Was Anne Boleyn or Thomas Cromwell the more influential in bringing religious reform in the 1530s?

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Harry W. D. Smith KS ME                Question #6

Was Anne Boleyn or Thomas Cromwell the more influential in bringing religious reform in the 1530s?

The 1530s was perhaps the most important decade in the history of religion in England since the re-introduction of Christianity by St. Augustine.  It saw the Dissolution of the Monasteries, the introduction of bibles in English, and the emergence of a Church governed not by a far-off Pope, but by the King of England, which undoubtedly made later, more religion-based reforms far easier.  What is not immediately obvious at first glance is how much Henry VIII’s failed ‘divorce’ from Catherine of Aragon, his first wife, in favour of his love for Anne Boleyn, caused these religious changes, and how far the Reformation’s success depended on the brilliant administrative skills (and Lutheran leanings) of Thomas Cromwell, the King’s Chief Minister, who first proposed the Break with Rome some time in 1531.


Catherine of Aragon had not had great child-bearing success.  She had miscarried one baby, another had been stillborn, and her only surviving child was Princess Mary.  Henry was beginning to get irritated about the fact that he had only one legitimate heir to carry on the Tudor line established by his father, and that she was female (he had an illegitimate son, the Duke of Richmond, but his claim to the throne could easily have been contested); the previous female monarch had been Matilda, whose reign had left the country in a state of chaos after a civil war.  Henry was also an accomplished biblical scholar (his book attacking the teachings of Luther, published in 1521, had won him the title of ‘Defender of the Faith’ from the Pope), and he was worried about the legality of his marriage to Catherine.  Before the death of his brother, Arthur, Catherine had been married to him for a few months (although it was generally accepted that the marriage was unconsummated), and upon Arthur’s death, she married Henry.  Leviticus 20:21 says that ‘If a man shall take his brother’s wife, it is an impurity:  he hath uncovered his brother’s nakedness; they shall be childless’.  It is quite easy to see how Henry, fuelled by a love for Anne Boleyn and his own serious doubts about the legality of his marriage, could want to end his marriage to Catherine.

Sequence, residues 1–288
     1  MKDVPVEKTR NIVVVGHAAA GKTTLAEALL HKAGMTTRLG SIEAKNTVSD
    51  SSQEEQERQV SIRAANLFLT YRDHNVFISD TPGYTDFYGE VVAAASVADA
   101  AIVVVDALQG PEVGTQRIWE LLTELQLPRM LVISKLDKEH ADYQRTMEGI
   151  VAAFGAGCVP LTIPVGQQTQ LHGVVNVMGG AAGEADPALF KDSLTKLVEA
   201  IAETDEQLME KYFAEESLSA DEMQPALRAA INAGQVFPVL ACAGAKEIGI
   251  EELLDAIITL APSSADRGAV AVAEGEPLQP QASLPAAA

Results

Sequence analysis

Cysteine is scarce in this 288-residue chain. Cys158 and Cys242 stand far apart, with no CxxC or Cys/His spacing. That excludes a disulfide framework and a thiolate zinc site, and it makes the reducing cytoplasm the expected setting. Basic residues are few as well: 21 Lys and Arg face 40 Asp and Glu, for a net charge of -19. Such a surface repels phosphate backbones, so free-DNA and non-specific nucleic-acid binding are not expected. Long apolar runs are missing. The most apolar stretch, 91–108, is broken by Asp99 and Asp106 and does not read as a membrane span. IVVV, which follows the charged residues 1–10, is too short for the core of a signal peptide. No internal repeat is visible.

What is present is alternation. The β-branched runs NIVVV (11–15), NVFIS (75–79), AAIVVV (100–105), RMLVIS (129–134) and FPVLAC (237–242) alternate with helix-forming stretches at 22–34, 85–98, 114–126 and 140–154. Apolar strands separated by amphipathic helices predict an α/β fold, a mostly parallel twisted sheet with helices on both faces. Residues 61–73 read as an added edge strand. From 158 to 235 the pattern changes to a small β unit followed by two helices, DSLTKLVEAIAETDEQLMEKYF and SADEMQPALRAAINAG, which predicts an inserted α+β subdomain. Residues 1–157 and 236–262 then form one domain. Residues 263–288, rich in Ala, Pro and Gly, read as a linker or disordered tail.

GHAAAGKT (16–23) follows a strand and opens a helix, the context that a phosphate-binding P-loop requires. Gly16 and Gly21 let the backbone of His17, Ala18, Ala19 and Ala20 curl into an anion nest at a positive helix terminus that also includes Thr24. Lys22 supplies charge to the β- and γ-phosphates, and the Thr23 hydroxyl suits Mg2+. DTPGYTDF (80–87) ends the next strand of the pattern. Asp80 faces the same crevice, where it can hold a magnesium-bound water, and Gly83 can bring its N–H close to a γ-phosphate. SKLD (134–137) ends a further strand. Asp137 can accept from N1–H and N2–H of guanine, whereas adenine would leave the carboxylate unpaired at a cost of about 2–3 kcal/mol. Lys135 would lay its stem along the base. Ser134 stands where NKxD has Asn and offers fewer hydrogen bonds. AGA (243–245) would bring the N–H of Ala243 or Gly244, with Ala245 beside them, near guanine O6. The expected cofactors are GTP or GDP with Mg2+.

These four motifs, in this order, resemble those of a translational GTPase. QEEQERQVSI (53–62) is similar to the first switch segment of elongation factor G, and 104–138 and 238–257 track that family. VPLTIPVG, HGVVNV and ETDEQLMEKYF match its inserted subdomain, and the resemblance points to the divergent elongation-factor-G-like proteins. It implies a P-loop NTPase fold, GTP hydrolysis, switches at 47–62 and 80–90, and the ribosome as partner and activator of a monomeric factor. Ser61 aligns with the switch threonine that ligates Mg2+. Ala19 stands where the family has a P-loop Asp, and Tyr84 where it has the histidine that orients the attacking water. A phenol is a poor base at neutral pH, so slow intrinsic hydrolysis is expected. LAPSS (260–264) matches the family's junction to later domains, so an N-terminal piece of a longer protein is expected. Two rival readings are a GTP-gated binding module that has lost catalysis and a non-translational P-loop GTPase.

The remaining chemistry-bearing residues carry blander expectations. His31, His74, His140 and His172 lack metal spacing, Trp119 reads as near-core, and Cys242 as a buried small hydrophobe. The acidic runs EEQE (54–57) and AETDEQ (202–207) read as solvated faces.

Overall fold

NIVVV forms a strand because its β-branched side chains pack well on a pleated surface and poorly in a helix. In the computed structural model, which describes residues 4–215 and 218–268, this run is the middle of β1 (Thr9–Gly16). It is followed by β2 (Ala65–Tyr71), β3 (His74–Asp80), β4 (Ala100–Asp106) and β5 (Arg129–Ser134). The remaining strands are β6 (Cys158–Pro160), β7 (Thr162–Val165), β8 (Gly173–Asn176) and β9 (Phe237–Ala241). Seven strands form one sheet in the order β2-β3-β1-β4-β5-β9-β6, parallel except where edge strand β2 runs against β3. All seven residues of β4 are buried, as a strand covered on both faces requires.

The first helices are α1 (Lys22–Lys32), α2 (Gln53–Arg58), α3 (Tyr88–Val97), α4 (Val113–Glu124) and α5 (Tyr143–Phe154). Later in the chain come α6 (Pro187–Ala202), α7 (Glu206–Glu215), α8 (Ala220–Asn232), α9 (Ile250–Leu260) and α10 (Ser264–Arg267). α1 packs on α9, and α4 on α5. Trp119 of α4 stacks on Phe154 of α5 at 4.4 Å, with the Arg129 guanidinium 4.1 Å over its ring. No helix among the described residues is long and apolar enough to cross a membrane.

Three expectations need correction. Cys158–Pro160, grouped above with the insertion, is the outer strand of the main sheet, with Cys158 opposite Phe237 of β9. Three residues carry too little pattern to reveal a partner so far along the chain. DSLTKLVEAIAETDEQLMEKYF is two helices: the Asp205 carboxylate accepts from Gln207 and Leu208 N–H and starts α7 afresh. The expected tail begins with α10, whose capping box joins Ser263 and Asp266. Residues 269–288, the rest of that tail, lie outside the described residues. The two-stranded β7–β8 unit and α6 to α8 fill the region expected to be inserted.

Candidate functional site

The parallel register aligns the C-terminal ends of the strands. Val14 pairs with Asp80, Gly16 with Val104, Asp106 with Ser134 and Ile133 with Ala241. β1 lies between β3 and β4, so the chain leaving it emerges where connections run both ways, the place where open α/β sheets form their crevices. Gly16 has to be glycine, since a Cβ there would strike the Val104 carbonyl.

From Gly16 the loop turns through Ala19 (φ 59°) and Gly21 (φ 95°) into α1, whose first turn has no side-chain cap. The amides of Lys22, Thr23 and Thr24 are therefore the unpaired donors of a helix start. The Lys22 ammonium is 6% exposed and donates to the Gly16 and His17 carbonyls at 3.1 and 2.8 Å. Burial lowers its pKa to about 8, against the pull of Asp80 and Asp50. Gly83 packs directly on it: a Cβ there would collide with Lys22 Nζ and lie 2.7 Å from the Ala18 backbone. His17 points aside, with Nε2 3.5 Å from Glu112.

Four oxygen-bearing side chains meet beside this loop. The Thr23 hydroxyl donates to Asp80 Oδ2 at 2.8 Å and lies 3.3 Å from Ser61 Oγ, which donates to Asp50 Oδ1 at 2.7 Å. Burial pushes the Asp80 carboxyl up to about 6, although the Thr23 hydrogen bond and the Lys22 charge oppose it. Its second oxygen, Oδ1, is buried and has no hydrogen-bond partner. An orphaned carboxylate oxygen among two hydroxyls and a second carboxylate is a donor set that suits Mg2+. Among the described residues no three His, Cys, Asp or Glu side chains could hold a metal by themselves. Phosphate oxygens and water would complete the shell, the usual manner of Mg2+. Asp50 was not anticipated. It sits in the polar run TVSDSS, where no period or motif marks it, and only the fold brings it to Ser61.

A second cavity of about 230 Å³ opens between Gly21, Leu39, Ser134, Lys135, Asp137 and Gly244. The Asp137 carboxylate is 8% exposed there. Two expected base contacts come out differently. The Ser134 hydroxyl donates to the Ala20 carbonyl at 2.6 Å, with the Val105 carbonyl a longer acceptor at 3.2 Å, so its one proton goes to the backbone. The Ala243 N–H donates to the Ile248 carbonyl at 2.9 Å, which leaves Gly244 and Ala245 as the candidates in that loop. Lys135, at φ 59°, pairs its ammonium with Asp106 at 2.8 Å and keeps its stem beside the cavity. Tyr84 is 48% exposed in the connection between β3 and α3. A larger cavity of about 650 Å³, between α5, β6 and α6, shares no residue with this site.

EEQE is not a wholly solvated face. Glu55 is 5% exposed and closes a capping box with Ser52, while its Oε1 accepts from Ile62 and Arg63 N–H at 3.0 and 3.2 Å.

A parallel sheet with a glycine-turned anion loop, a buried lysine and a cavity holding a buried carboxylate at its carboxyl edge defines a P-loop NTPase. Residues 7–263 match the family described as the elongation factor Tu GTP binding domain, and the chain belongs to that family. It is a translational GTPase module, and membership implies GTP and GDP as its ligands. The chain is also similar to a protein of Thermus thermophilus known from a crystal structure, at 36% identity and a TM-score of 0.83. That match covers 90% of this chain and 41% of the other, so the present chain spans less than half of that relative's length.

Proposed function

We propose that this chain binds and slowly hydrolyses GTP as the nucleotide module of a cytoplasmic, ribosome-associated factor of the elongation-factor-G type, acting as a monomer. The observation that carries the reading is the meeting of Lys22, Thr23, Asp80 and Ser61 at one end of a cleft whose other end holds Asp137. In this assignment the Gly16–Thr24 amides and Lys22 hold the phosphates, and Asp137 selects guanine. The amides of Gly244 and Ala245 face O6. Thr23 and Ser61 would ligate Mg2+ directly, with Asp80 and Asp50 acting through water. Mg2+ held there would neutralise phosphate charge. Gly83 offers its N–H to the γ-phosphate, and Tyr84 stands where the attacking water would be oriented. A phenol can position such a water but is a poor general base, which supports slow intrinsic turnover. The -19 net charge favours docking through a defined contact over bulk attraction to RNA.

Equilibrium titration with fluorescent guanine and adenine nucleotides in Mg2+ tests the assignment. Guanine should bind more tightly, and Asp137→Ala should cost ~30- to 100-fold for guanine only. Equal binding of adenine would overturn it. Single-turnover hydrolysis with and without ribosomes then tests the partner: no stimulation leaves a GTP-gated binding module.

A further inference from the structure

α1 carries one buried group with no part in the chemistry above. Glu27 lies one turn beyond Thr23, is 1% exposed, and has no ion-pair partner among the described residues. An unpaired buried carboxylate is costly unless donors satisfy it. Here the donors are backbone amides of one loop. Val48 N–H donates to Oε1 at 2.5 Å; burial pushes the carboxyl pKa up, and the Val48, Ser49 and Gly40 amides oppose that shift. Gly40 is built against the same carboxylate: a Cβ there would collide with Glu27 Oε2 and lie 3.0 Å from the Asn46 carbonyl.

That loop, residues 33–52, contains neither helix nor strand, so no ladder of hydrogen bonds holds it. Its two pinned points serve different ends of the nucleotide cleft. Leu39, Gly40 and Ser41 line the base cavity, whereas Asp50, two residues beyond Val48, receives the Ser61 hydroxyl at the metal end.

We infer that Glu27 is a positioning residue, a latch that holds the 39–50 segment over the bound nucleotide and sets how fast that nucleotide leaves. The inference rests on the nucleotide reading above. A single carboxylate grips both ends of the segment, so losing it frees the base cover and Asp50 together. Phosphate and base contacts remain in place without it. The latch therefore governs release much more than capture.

Unfortunately for Henry, Anne Boleyn, unlike her (married) older sister, who had been one of Henry’s mistresses, refused to become one of his lovers and then be cast off; she wanted marriage or nothing.  This was rather inconvenient, as, although several ways existed for the marriage to be terminated (among them, Catherine could have become a nun, a suggestion which she greeted with the response that she would be glad to do so if Henry would become a monk; Henry could have arranged for her execution on trumped-up charges, a method which he and his ministers frequently employed to rid them of their enemies (for example, two of his wives, including Anne Boleyn, and some of his ministers); or he could have asked for annulment on the grounds that the papal dispensation issued for their marriage was invalid), the only real option was an annulment, which had to be granted by the Pope.  Pope Clement VII, however, was virtually a prisoner of the Holy Roman Emperor, Charles V, who was Catherine of Aragon’s nephew, who was occupying Italy.  The Pope was also highly unlikely to admit that his predecessor had acted contrary to divine law, which would have been a cause of major embarrassment.  In such circumstances, the likelihood of an annulment being granted from the Pope was slim indeed, due to complex considerations of Foreign Policy, and particularly seeing as Henry was related to Anne by first degree of affinity (having had an affair with her sister), which was exactly the same relation as Catherine was to him when the dispensation was granted for their marriage!


In 1528, the Pope sent Cardinal Campeggio to England to decide, along with Cardinal Wolsey, the Lord Chancellor, on whether an annulment could be granted or not.  Campeggio, due partly to old age, and partly to his lack of concern over whether a ‘divorce’ was granted or not, did not reach England until December of that year, and insisted on doing everything slowly, and following to the letter the instructions that he had been given by Clement.  In the middle of the summer recess observed by the courts in Rome, which Campeggio insisted on observing, the Pope decided that the trial had, after all, to be heard in Rome.  This was the end of Wolsey, as Henry started to believe those (including Anne Boleyn, one of Wolsey’s sworn enemies) who said that Wolsey was as much to blame for the failure of the trial in England as was Campeggio.  He was arrested in October 1529, but died at Leicester Abbey on the way to London from his diocese of York.  

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Henry was not pleased that the trial was recalled to Rome, but it was not until 1531 that the obvious and brilliant but extremely dangerous idea was had by Thomas Cromwell, one of the fallen Cardinal’s lieutenants, to Break with Rome.  This may in part have been due to his inclination towards Lutheran beliefs, but they are not necessarily as significant as they might appear, as Cromwell would probably have allied himself to any religion that was supported by his master.  The idea of G.R. Elton that the Break with Rome was an important stage in the creation of ...

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